Your rich and -- you thought -- loving relative died, but when his last will and testament was read you were left not a penny. If you stood to gain something from a will but were left out, you can challenge the will in court as a first step in invalidating the last will and testament and getting what you see as your fair share of the estate. A will may be invalidated by a court for several reasons, although many are difficult to prove, and the legal challenge in probate court can be complicated. Hiring a lawyer to guide you through the process can be beneficial.
Go to the probate court handling the estate and check the paperwork. The law says important formalities must be followed when executing and probating a will. The original of the will must have been filed in court. The testator -- the person who filled out the will -- had to have signed the will at the end, before witnesses (at least two, in most states). The testator also must have manifested to the witnesses, in some way, that he was signing his last will and testament, though he didn't have to share the contents with them. And finally, the witnesses must be disinterested -- if the will says the witnesses share in the estate, their testimony won't count.
Challenge the testator's capacity to execute a last will and testament. The law says he had to have "testamentary capacity." That means he had to be an adult of sound mind. "Sound mind" means that the testator had to know about the estate he was leaving. He also had to demonstrate some idea that he knew who his natural beneficiaries were, such as his children, even if he meant to cut them out. The last will and testament also had to contain an orderly estate plan, so the probate court can understand who gets what.
Question whether an outsider exerted "undue influence" over the testator. That means the outsider had such a hold over the testator that it affected who got what in the last will and testament. Undue influence is another grounds for invalidating a will. You have to show that the outsider so overcame the testator's mental will that his written will forced the testator to give his property to someone who would not usually have received it.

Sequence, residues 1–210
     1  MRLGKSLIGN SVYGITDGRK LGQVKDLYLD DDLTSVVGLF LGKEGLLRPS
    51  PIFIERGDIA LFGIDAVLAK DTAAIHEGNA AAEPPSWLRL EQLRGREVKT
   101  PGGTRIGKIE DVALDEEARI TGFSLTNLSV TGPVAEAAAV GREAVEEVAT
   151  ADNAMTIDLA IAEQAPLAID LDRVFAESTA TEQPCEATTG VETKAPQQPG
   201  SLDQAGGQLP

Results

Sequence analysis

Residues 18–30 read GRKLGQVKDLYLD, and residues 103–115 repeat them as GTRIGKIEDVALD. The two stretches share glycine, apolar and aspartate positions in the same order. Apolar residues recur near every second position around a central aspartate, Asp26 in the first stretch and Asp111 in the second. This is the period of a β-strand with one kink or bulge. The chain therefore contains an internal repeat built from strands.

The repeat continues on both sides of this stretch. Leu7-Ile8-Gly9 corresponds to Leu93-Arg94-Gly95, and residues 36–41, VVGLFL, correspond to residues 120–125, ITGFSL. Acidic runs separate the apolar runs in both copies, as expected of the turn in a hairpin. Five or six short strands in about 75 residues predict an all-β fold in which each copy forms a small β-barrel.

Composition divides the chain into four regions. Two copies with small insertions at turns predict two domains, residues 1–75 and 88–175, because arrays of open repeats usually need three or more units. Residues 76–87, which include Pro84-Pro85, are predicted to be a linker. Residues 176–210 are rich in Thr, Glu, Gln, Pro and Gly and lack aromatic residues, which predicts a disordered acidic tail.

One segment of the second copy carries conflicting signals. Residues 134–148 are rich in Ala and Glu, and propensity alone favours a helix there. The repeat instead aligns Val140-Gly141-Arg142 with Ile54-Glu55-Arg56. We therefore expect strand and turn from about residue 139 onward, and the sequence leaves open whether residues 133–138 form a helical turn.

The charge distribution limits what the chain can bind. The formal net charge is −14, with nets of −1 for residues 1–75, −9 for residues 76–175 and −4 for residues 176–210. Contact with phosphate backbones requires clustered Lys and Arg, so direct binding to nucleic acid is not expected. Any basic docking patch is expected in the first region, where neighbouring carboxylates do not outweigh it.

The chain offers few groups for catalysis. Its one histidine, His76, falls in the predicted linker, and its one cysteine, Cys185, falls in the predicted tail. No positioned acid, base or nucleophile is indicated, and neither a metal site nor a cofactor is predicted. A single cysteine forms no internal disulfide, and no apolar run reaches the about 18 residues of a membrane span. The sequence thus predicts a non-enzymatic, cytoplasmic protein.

Prove fraud. Fraud is another reason to invalidate a last will and testament, but it can be tough to prove. Show that the fraud rose to the level of a crime -- such as the fraudster telling the poor old sick testator that his beneficiaries died but they wanted him to leave all his money to the fraudster, or that the fraudster forged the actual pages of the will to change the estate plan.
- If the probate court does invalidate the last will and testament, the estate passes by default rules known as the laws of intestacy. In other words, next of kin are first in line for the money -- and just because you didn't benefit under the will doesn't mean you will benefit by intestacy.
- As with other legal matters, time limits apply to your challenge to a will, once it's filed in court.
- The deaths of witnesses, or the executor, the person who carries out the will's wishes, won't invalidate the last will and testament.
- "Oral" -- or to use the lawyer's term, "noncupative" -- wills typically are not worth the paper they aren't printed on, in most states, except in very limited circumstances. A will must be written or typed. Trying to argue in court, without any other evidence, that the testator told you he was leaving you money is usually a nonstarter. Some states, in fact, have what are called "dead man's statutes." They can prohibit testimony in court about the testator by "interested parties" -- those with a monetary stake in the outcome.
- FindLaw: Estate Planning
- "Journal of the American Academy of Psychiatry and the Law Online"; Common Pitfalls in the Evaluation of Testamentary Capacity; Thomas G. Gutheil; 2007
- Nolo: Grounds for Challenging a Will
- "Maryland Law of Executors and Administrators"; Alfred Bagby Jr.; 1922
- US Legal: Dead Man's Statute Law and Legal Definition
- Jupiterimages/Photos.com/Getty Images